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Court rules for Gardner Fire District

GARDNER - The court has ruled in favor of the Gardner Fire Protection District over the former Gardner Fire Department and as a result the district will be able to take over the firehouse.

"(The court ruled) we appropriately terminated the contract and therefore all department assets belong to the district," said district attorney Rick Porter of Hinshaw & Culbertson. "In light of that we're going to take possession of the building."

Porter said he is trying to contact the department's attorney, Tim Rathbun of Rathbun, Cservenyak & Kozol, to find out when the district could move into the firehouse.

In court last week, Porter told the judge the district's fire trucks were at risk being stored outside in the changing weather since they were unable to get into the firehouse. The district has been operating out of Gardner Village Hall and storing equipment in village buildings, but their largest trucks could not fit anywhere. 

"They're certainly happy to be able to be in one place again," said Porter.

Rathbun could not be reached before press time.

The whole battle between the district and department started when former department Chief Randy Wilkey refused to give the district board original receipts to pay the department's bills, according to previous statements by district representatives and Wilkey.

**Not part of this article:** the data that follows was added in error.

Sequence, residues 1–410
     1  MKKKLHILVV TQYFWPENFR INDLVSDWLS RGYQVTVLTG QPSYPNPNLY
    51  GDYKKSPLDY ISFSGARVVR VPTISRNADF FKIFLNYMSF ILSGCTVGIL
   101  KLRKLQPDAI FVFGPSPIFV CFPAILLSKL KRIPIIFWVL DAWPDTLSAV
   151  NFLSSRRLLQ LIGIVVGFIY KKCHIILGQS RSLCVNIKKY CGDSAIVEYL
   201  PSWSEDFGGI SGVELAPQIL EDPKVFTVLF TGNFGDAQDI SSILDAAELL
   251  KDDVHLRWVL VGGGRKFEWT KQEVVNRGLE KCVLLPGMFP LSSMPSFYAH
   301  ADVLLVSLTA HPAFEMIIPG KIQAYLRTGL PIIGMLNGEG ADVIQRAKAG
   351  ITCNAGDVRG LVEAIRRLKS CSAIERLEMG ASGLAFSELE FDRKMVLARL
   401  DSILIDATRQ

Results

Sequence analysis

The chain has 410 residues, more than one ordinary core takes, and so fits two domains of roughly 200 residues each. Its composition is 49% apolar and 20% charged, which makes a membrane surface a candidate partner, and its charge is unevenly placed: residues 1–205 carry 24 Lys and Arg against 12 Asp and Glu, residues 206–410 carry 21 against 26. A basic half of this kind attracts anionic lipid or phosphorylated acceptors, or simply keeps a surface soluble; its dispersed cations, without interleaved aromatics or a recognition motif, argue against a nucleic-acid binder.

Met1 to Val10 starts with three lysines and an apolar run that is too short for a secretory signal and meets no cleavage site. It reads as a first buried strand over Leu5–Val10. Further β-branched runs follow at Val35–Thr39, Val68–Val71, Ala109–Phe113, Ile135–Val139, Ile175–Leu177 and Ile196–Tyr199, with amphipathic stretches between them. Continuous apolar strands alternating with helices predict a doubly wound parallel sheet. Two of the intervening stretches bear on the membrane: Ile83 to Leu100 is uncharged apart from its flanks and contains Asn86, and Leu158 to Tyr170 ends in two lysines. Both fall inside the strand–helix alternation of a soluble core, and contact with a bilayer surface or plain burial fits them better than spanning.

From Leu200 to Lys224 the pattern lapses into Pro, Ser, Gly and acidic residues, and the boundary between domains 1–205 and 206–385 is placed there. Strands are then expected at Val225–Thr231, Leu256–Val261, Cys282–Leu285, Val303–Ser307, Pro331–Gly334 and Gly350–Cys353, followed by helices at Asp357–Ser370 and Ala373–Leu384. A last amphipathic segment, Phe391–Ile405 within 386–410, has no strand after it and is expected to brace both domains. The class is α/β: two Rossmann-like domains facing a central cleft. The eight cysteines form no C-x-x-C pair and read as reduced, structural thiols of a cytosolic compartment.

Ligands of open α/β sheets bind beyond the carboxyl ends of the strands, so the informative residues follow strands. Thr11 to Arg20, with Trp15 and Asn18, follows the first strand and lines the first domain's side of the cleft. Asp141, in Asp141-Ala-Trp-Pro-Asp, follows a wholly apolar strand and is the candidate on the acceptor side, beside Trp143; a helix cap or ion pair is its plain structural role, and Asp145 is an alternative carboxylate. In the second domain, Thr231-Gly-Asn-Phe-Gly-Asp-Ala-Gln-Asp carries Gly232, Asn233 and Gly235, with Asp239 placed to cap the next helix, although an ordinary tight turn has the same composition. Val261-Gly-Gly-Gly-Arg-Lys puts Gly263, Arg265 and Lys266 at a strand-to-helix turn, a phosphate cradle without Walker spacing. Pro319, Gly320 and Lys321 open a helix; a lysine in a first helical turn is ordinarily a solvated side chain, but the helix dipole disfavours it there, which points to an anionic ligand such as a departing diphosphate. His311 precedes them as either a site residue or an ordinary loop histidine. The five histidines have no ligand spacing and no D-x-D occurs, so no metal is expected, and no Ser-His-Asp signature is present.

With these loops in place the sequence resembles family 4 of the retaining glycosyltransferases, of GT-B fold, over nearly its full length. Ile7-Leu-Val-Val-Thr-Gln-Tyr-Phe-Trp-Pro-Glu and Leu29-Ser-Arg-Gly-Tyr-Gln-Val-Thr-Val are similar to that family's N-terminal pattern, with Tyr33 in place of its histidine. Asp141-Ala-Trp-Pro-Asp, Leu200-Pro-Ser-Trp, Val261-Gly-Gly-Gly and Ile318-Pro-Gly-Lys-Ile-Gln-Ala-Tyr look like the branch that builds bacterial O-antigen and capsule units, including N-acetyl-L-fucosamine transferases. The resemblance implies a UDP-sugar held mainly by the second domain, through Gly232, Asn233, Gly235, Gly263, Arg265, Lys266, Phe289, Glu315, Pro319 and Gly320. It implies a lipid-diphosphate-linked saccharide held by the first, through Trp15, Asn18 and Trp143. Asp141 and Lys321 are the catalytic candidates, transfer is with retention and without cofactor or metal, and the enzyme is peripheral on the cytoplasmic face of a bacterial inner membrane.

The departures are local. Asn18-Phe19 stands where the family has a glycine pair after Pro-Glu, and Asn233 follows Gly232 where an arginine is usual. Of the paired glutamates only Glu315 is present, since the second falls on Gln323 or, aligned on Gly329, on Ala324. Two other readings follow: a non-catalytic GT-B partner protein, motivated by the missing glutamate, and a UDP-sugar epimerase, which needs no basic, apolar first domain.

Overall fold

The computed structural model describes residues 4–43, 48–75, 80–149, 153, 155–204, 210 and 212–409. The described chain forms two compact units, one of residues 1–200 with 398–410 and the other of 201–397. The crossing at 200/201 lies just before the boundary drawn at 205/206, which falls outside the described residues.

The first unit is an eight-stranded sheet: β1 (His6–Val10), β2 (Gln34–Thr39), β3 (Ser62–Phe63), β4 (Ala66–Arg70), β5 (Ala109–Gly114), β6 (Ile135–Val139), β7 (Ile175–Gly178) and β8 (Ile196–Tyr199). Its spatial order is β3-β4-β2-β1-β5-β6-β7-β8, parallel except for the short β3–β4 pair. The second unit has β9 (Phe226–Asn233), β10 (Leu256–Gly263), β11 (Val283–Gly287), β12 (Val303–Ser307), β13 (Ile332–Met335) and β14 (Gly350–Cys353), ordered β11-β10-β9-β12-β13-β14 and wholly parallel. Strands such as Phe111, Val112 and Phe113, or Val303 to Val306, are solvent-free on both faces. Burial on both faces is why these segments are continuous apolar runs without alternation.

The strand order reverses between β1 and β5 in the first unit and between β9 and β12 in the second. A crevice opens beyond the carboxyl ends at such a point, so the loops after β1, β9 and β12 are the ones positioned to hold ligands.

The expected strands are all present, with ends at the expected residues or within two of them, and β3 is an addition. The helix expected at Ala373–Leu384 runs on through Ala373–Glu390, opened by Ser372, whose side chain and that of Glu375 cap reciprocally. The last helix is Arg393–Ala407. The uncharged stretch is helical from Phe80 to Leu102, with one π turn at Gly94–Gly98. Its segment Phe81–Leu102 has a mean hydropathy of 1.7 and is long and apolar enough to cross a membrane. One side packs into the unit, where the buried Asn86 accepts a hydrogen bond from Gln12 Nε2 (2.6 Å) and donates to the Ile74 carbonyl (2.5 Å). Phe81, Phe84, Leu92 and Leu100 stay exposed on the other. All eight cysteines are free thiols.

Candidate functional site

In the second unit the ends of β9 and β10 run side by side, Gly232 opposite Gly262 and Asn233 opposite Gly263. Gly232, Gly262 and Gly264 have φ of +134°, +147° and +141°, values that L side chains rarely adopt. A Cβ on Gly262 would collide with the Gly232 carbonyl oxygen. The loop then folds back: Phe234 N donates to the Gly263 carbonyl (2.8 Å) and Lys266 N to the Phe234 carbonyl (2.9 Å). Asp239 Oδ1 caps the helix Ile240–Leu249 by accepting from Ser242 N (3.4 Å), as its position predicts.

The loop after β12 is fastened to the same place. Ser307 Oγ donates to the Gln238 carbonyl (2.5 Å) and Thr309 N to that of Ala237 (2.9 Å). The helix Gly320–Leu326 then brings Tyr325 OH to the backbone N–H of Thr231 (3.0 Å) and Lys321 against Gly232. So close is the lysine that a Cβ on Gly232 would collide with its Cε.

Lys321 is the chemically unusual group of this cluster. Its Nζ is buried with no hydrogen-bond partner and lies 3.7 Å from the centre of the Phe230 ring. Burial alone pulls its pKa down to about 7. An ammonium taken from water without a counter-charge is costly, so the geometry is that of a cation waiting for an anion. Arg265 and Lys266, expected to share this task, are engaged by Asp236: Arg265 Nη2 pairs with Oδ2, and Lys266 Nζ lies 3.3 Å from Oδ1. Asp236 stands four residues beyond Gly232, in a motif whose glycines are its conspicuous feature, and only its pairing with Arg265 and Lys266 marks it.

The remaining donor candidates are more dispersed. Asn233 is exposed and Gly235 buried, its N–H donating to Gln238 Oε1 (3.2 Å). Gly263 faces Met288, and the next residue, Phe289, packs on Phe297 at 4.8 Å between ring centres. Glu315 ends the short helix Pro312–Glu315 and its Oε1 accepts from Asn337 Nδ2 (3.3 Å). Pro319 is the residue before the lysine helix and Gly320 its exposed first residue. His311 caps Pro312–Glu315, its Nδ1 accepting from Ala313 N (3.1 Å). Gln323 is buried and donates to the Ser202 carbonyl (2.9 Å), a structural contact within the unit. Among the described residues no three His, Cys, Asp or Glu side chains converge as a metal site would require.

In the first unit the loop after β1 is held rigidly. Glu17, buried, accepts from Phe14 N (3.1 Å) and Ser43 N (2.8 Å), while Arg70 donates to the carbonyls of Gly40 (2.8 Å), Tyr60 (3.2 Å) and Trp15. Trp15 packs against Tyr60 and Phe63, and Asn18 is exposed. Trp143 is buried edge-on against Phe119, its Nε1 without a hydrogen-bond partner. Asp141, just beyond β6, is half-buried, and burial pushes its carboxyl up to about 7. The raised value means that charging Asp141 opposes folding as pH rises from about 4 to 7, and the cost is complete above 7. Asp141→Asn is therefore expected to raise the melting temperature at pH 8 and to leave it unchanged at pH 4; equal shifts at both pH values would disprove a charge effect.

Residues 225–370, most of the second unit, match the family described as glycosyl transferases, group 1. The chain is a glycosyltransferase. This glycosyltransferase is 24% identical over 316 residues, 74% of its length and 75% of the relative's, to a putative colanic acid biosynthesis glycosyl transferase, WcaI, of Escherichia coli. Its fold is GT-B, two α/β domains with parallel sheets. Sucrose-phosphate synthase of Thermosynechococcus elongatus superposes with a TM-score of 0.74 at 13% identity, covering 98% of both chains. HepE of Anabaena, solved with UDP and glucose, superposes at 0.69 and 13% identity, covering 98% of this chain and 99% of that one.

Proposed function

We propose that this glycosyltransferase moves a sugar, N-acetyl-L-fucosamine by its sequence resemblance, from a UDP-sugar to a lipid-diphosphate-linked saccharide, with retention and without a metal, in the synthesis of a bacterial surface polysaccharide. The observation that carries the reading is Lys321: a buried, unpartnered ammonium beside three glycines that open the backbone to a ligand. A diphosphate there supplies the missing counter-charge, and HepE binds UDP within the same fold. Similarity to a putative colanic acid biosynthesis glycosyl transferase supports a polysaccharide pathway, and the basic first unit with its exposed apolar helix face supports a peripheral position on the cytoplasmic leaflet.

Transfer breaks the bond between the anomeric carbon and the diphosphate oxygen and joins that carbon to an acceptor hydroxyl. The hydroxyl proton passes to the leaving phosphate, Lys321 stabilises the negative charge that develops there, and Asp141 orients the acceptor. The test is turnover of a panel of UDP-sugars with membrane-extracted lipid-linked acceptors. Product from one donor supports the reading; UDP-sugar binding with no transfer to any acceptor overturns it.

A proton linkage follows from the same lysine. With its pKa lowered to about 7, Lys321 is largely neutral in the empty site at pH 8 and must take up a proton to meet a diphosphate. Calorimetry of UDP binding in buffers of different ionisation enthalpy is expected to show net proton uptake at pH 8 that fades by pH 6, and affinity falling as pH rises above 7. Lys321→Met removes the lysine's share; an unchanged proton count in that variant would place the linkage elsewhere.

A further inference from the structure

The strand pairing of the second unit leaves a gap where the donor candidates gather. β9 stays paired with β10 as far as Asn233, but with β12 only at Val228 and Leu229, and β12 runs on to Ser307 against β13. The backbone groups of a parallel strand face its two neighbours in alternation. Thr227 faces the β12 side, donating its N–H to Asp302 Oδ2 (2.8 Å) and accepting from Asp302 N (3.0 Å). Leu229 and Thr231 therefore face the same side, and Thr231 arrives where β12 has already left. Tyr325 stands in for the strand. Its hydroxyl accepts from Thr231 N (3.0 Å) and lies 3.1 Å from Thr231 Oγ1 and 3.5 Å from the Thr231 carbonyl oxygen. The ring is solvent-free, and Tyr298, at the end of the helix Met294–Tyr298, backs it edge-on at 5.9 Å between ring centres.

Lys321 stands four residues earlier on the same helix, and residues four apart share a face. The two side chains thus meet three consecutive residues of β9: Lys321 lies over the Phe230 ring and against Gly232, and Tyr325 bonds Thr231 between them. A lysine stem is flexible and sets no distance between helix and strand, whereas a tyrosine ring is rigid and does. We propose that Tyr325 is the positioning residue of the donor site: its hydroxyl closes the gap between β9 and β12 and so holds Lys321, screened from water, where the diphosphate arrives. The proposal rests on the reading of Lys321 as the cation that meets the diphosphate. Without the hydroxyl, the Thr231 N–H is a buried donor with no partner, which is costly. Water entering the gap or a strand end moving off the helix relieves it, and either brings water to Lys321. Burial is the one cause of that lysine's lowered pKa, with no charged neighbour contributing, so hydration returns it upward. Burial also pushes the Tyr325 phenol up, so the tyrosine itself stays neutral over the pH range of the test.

Eventually, when Wilkey refused to give originals, the district refused to pay the bills. This led to the feud going to court and the district no longer recognizing Wilkey as chief. And eventually the district terminated its contract with the department for services due to it misappropriating funds by it using it for legal fees to argue an election for district trustees. The court ruled in support of the termination as well.

In June, the court ordered the department hand over all assets, except for real estate, which had to be dealt with separately.

The district trustees maintained they were elected by the people to make sure taxpayer monies were being spent correctly. The district then hired its own chief, Terry Jensen, and the district now provides the village with fire protection services independently.

The department and district have been fighting over the department's funding in court and last week the department argued it was not only funded with government money, but it also had independent revenue through its ambulance service and offering classes.

The district argued the only reason the department was able to offer any other services was because it enabled it to by having the district's authority to do so and therefore its other revenue is also public funding.

"The court previously found that the use of funds by the Gardner Fire Department for direct political purposes was a misappropriation of funds. In so finding, the court rejected the department's argument that it was not possible for them to misappropriate their own money. The sums possessed by the department are sums earned by them pursuant to their contract. This court again rejects the department's argument and adopts the findings made in June...," states the court order filed Thursday.

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